Fucose depletion from human IgG1 oligosaccharide enhances binding enthalpy and association rate between IgG1 and FcgammaRIIIa

J Mol Biol. 2004 Mar 5;336(5):1239-49. doi: 10.1016/j.jmb.2004.01.007.


Depletion of fucose from human IgG1 oligosaccharide improves its affinity for Fcgamma receptor IIIa (FcgammaRIIIa). This is the first case where a glycoform modification is shown to improve glycoprotein affinity for the receptors without carbohydrate-binding capacity, suggesting a novel glyco-engineering strategy to improve ligand-receptor binding. To address the mechanisms of affinity improvement by the fucose depletion, we used isothermal titration calorimetry (ITC) and biosensor analysis with surface plasmon resonance. ITC demonstrated that IgG1-FcgammaRIIIa binding was driven by favorable binding enthalpy (DeltaH) but opposed by unfavorable binding entropy change (DeltaS). Fucose depletion from IgG1 enhanced the favorable DeltaH, leading to the increase in the binding constant of IgG1 for the receptor by a factor of 20-30. The increase in the affinity was mainly attributed to an enhanced association rate. A triple amino acid substitution in IgG1, S298A/E333A/K334A, is also known to improve IgG1 affinity for FcgammaRIIIa. ITC demonstrated that the amino acid substitution attenuated the unfavorable DeltaS resulting in a three- to fourfold increase in the binding constant. The affinity enhancement by the amino acid substitution was due to a reduced dissociation rate. These results indicate that the mechanism of affinity improvement by the fucose depletion is quite distinct from that by the amino acid substitution. Defucosylated IgG1 exhibited higher antibody-dependent cellular cytotoxicity (ADCC) than S298A/E333A/K334A-IgG1, showing a correlation between IgG1 affinity for FcgammaRIIIa and ADCC. We also examined the effect of FcgammaRIIIa polymorphism (Val158/Phe158) on IgG1-FcgammaRIIIa binding. The Phe to Val substitution increased FcgammaRIIIa affinity for IgG1 in an enthalpy-driven manner with the reduced dissociation rate. These results together highlight the distinctive functional improvement of affinity by IgG1 defucosylation and suggest that engineering of non-interfacial monosaccharides can improve glycoprotein affinity for receptors via an enthalpy-driven and association rate-assisted mechanism.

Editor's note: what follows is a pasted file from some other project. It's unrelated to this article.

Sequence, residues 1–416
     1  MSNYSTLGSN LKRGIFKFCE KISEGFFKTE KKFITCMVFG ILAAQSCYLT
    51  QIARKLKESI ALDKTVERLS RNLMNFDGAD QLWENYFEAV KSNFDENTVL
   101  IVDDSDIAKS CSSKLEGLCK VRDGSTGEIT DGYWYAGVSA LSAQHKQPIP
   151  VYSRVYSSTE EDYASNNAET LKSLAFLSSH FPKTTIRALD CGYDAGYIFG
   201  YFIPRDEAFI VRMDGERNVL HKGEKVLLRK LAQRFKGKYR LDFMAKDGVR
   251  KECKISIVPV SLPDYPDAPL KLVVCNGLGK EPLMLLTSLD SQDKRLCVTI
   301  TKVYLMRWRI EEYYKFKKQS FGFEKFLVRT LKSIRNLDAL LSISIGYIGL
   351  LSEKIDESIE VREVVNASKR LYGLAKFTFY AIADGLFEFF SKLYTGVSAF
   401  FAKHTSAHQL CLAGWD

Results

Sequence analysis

MeSH terms

  • Amino Acid Substitution
  • Antibody-Dependent Cell Cytotoxicity
  • Calorimetry
  • Cell Line, Tumor
  • Fucose / chemistry*
  • Humans
  • Immunoglobulin G / chemistry*
  • Immunoglobulin G / genetics
  • Immunoglobulin G / immunology
  • Kinetics
  • Oligosaccharides / chemistry*
  • Protein Binding
  • Protein Engineering / methods
  • Receptors, IgG / chemistry*
  • Receptors, IgG / immunology
  • Surface Plasmon Resonance
  • Thermodynamics


  • Immunoglobulin G
  • Oligosaccharides
  • Receptors, IgG
  • Fucose